The most interesting part of ethmoid bone anatomy is the ethmoid air cell. Multiple air cells are found in both of the labyrinths and are also referred to as ethmoid sinuses. Ethmoid air cells are not eukaryote cells but air chambers and part of the paranasal sinus network. As we grow older, more ethmoidal air cells appear. Young children have up to four; an adult can have more than ten; these will also be larger.
Ethmoidal air cells get bigger over time. This process is known as pneumatization. Sinus pneumatization is a continuous process that causes the paranasal sinuses to increase in volume. The ethmoid sinus is the first of the paranasal sinuses to initiate pneumatization. In one study, the ethmoid air cells of all 46 newborn study subjects already showed signs of early pneumatized ethmoidal sinuses. The other three sinuses can take months or years to initiate pneumatization. Why this occurs in the ethmoid bone sinus first is not yet understood.
There are three ethmoidal sinuses – anterior, middle, and posterior. The ethmoid bone cavity network is often described as honeycomb-like. These networks of air chambers open – as do all paranasal sinuses – into the nasal cavity. Sinus to nasal cavity openings are referred to as ostia (singular: ostium).
All paranasal sinuses – frontal, sphenoid, maxillary, and ethmoid – increase the volume of the nasal cavity. These aerated channels are lined with ciliated pseudostratified epithelium and goblet cells.
Ethmoid Bone Function
Ethmoid bone functions are quite easy to figure out when you have looked at the anatomy, although some functions may be surprising. With perforations and grooves for olfactory nerves and the ethmoid bone’s proximity to the olfactory organs, it is obvious that it plays a role in our sense of smell. However, this small cranial bone does have other uses.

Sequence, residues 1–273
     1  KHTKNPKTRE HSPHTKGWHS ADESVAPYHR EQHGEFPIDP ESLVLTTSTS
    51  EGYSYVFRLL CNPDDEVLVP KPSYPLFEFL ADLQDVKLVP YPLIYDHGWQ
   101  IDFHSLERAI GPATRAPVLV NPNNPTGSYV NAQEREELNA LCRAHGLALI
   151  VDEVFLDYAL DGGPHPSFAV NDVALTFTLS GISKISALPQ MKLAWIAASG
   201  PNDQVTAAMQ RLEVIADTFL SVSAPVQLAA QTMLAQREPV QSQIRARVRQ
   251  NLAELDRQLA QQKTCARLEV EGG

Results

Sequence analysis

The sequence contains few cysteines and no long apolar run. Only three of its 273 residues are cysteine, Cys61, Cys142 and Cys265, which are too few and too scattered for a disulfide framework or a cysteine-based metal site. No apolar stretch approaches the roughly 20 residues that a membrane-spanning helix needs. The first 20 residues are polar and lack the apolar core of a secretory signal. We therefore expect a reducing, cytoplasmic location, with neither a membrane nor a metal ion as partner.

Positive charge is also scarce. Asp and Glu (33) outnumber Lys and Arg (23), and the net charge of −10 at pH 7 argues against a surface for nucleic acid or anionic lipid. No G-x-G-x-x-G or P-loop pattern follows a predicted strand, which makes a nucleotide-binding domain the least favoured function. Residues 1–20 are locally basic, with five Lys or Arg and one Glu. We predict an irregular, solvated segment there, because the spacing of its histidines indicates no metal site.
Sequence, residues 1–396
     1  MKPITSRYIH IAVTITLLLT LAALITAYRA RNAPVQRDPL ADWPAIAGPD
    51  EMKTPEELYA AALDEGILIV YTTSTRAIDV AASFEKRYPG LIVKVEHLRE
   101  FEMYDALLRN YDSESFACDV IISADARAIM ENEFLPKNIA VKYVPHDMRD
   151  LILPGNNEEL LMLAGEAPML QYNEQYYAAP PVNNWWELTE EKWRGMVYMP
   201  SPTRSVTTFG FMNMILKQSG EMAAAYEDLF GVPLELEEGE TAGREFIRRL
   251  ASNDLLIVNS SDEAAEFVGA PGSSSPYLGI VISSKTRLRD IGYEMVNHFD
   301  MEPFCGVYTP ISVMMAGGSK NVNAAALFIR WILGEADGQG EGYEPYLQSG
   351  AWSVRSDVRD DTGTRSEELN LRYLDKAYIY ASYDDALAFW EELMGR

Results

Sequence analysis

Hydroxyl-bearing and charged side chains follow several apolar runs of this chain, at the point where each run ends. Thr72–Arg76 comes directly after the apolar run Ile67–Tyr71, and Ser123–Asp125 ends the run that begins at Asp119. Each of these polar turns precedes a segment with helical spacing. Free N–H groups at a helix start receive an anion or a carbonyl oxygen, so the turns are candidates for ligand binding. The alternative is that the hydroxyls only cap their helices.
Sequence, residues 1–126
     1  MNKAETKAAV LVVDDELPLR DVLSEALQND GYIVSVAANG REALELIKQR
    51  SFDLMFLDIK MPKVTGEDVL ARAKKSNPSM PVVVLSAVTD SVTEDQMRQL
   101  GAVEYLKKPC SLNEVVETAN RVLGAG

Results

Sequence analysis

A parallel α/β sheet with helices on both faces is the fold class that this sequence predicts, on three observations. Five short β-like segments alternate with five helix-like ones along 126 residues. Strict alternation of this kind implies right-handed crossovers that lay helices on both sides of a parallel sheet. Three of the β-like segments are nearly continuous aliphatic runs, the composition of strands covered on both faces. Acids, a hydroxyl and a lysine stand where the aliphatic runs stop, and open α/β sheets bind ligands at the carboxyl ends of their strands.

The ethmoid bone is one of the most complex bones in the human body. Its small size and light weight might make it an unlikely candidate for increased facial stability; however, the ethmoid forms a strong and supportive border with the orbital cavities and the nasal cavity. The form of the ethmoid air cells also provides a higher level of structural stability.
Naturally, any bone protects the soft tissue that lies underneath. The ethmoid protects part of the frontal lobe of the brain. Naso-orbito-ethmoidal fractures of the nasal, orbital, and ethmoid bones respectively are extremely complex and dangerous fractures but even so their presence may prevent severe frontal brain damage in a car accident or with high-energy blunt trauma. The proximity of the brain to the ethmoid makes this bone the principle cause of cerebrospinal fluid rhinorrhea (leakage of cerebrospinal fluid through the nose) when fractured.
The crista galli of the ethmoid bone also serves as an attachment point for the falx cerebri.
Ethmoid sinuses have many functions but their primary role is associated with our innate immunity. Mucus-producing cells called goblet cells are found in the epithelium of all the paranasal sinuses. This mucus runs into the nasal cavity, trapping bacteria that enter this early stage of the respiratory system.
Labyrinths lie next to the upper nasal conchae or turbinates. These swirled openings increase the volume of air and possibly help make the skull a little lighter; this theory is not always taken seriously. All of the nasal sinuses make a very slight difference to the total weight of the skull; on its own, the ethmoid bone structure makes very little difference.
Ethmoid air cells and superior and middle conchae increase air volume – inhaled air can be warmed and dampened before entering the lungs, further protecting the airway. Goblet cell mucus and nasal hairs also trap many pathogens.
Nasal dendritic cells protect the respiratory system and enable innate immunity in the form of phagocytes and acquired immunity as antigen-presenting cells. Dendritic cells are found in a multitude of tissues, including the epithelial lining of ethmoid air cells.
Nasal Nerve Pathways
The many grooves, perforations, and canals of the ethmoid bone allow important branches of two cranial nerves (olfactory nerves and nasociliary nerve) to reach their destination. The perforations through which these nerves pass are called foramina – the cribriform plate of the ethmoid bone has about twenty foramina.
The olfactory nerve (CN I) is a sensory nerve. The olfactory pathway begins with receptors in the nasal epithelium and ends in the brain. To pass from the nasal cavity to the brain the olfactory nerve must go through the ethmoid bone.
The nasociliary nerve is a smaller branch of the trigeminal nerve (CN V). In the ethmoid, it splits further to form the anterior ethmoidal nerve. This sensory nerve provides sensation in the nose and part of the eye. In the illustration, the V1 branch of the trigeminal nerve splits into further branches; the nasociliary nerve can be followed over the eye socket and down to the tip of the nose.